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Superregnum: Eukaryota
Regnum: Animalia
Subregnum: Eumetazoa
Cladus: Bilateria
Cladus: Nephrozoa
Superphylum: Deuterostomia
Phylum: Chordata
Cladus: Craniata
Subphylum: Vertebrata
Infraphylum: Gnathostomata
Superclassis: Tetrapoda
Cladus: Reptiliomorpha
Cladus: Amniota
Classis: Reptilia
Cladus: Eureptilia
Cladus: Romeriida
Subclassis: Diapsida
Cladus: Sauria
Infraclassis: Archosauromorpha
Cladus: Crurotarsi
Divisio: Archosauria
Subsectio: Ornithodira
Subtaxon: Dinosauromorpha
Cladus: Dinosauria
Ordo: Saurischia
Cladus: Theropoda
Cladus: Neotheropoda
Infraclassis: Aves
Ordo: Passeriformes
Subordo: Passeri
Infraordo: Passerida
Superfamilia: Passeroidea

Familia: Thraupidae
Genus: Incaspiza
Species: I. laeta – I. ortizi – I. personata – I. pulchra – I. watkinsi
Name

Incaspiza Ridgway, 1898

Typus: Haemophila pulchra P.L. Sclater, 1886 = Incaspiza pulchra

Synonyms

Haemophila Reichenbach, 1850 Av.Syst.Nat. pl.77

References

Ridgway, R. 1898. Descriptions of Supposed New Genera, Species, and Subspecies of American Birds. I. Fringillidæ. The Auk 15(3): 223–230; 330–331 (correction). BHL DOI: 10.2307/4068377 Reference page. First availabity p.224 BHL

Vernacular names
English: Inca-Finches
español: Incaspizas
suomi: Inkasirkut

The Inca finches form the genus Incaspiza, of finch-like birds in the tanager family Thraupidae. They were traditionally placed in the family Emberizidae, but molecular phylogenetic studies have shown that they are closely related to the Thraupidae. Both their scientific and common name refer to the Incan civilization.

They are endemic to arid scrub in central and northern Peru. Buff-bridled, gray-winged and little Inca finches are restricted to the Marañón Valley. The rufous-backed Inca finch occurs either on the west slope of the Andes and both slopes of the Marañón Valley and is restricted to higher elevations, compared to great Inca finch which only occurs on the west slope of the Andes, but generally lower than the rufous-backed Inca finch. They are rather terrestrial, and typically forage within dense plant growth on the ground, but commonly perch higher, for example on the top of a tall cactus or in a small tree, when singing. They are typically seen singly or in pairs, but sometimes in small groups outside the breeding season. They normally do not take part in mixed-species flocks.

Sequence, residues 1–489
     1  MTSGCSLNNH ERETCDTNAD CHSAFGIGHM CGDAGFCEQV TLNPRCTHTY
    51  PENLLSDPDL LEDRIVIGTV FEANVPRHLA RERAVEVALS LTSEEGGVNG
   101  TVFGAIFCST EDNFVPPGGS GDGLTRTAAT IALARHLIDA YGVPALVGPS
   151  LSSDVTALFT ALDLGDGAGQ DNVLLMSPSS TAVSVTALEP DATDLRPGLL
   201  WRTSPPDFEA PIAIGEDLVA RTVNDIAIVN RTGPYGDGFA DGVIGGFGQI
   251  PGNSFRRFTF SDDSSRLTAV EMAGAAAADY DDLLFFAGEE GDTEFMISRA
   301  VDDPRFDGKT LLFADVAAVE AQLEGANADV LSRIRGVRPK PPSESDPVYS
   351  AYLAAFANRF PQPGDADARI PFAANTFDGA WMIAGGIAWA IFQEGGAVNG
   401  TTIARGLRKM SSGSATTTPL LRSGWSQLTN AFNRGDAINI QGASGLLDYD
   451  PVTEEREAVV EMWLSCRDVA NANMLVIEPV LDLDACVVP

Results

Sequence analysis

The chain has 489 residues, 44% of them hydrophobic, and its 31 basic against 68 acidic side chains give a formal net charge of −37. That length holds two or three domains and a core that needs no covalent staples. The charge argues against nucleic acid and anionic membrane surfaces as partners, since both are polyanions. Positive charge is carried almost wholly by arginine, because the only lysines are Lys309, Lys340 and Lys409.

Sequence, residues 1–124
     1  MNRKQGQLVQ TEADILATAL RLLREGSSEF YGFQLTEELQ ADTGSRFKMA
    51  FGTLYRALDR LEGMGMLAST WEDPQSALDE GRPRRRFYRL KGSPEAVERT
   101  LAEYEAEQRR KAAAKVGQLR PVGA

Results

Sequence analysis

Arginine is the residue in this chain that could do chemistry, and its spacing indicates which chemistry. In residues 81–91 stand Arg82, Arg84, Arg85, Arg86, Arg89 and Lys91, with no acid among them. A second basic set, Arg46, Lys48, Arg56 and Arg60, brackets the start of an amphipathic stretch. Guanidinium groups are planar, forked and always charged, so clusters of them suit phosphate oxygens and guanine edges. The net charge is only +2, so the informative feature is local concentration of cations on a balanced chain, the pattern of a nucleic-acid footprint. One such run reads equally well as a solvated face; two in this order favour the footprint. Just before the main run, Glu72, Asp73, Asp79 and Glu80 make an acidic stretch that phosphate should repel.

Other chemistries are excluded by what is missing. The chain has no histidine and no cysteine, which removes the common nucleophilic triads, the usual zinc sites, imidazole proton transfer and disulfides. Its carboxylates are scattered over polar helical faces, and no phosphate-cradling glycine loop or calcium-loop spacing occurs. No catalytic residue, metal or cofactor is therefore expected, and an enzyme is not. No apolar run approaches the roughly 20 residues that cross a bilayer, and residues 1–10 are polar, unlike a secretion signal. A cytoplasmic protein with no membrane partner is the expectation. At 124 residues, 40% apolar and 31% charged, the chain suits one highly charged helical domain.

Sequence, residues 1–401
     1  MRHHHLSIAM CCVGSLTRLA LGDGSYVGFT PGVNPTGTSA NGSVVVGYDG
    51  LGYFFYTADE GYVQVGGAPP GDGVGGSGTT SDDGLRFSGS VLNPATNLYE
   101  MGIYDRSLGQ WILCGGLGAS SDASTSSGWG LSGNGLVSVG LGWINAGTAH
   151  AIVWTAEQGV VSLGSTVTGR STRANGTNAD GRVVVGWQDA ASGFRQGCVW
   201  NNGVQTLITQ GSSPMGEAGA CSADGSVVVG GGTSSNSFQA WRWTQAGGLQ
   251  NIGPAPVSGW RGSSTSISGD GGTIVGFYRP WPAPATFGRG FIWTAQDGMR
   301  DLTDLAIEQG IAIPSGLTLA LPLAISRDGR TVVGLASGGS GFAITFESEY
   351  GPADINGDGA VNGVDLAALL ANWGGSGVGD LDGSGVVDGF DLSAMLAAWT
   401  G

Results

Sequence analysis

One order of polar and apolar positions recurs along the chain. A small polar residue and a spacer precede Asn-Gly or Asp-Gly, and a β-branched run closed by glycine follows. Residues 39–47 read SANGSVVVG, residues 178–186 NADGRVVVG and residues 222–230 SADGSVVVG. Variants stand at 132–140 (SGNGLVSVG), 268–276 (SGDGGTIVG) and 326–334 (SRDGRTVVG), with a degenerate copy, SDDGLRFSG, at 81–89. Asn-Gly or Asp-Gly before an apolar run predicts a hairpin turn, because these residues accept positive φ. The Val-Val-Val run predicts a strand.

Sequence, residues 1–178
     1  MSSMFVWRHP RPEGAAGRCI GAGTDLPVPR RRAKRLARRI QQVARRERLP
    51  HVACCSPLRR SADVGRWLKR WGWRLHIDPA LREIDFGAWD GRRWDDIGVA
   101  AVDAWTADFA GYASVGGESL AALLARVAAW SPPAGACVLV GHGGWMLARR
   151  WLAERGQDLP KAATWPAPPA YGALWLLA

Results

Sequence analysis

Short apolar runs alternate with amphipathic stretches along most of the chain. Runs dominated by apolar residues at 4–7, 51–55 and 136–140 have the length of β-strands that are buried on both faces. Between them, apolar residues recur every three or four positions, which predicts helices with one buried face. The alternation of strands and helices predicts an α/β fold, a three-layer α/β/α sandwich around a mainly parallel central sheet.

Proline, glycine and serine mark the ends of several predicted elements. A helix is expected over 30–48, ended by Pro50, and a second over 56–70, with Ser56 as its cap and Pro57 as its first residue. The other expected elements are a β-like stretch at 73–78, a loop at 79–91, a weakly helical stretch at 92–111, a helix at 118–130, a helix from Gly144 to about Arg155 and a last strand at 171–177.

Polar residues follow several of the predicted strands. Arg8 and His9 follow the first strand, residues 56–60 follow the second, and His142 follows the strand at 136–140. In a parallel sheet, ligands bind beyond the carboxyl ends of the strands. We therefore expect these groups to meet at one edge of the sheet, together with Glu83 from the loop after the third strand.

All have a pointed orange-yellow bill, a primarily gray head and chest, a paler buff or whitish belly, extensive white to the outer tail-feathers, and a small – but contrasting – black mask and chin. Except in the gray-winged Inca finch, all have a rufous back or wings.
Taxonomy and species list

The genus Incaspiza was introduced in 1898 by the American ornithologist Robert Ridgway with the great Inca finch as the type species.[1] The name combines Incas with the Ancient Greek spiza meaning "finch".[2] The genus was traditionally placed with the buntings and New World sparrows in the subfamily Emberizinae within an expanded family Emberizidae.[3] A molecular phylogenetic study published in 2014 found that Incaspiza was embedded in the tanager family Thraupidae. Within this family, the genus is now placed with Rhopospina and Porphyrospiza in the subfamily Porphyrospizinae.[4][5]

The genus contains five species.[5]

Image Scientific name Common Name Distribution
GreatInca-Finch.jpg Incaspiza pulchra Great Inca finch Peru
Incaspiza personata Rufous-backed Inca finch Peru
Incaspiza ortizi Grey-winged Inca finch Peru
Incaspiza laeta Buff-bridled Inca finch Peru
Incaspiza watkinsi Little Inca finch Peru

References

Ridgway, Robert (1898). "Descriptions of supposed new genera, species, and subspecies of American birds: I Fringillidae". The Auk. 15: 223-230 [224].
Jobling, James A. (2010). The Helm Dictionary of Scientific Bird Names. London: Christopher Helm. p. 204. ISBN 978-1-4081-2501-4.
Paynter, Raymond A. Jr, ed. (1970). Check-List of Birds of the World. Volume 13. Cambridge, Massachusetts: Museum of Comparative Zoology. p. 116.
Burns, K.J.; Shultz, A.J.; Title, P.O.; Mason, N.A.; Barker, F.K.; Klicka, J.; Lanyon, S.M.; Lovette, I.J. (2014). "Phylogenetics and diversification of tanagers (Passeriformes: Thraupidae), the largest radiation of Neotropical songbirds". Molecular Phylogenetics and Evolution. 75: 41–77. doi:10.1016/j.ympev.2014.02.006.

Gill, Frank; Donsker, David; Rasmussen, Pamela, eds. (July 2020). "Tanagers and allies". IOC World Bird List Version 10.2. International Ornithologists' Union. Retrieved 20 November 2020.

Schulenberg, T., D. Stotz, D. Lane, J. O'Neill, & T. Parker III. (2007). Birds of Peru. Christopher Helm Publishers. ISBN 978-0-7136-8673-9

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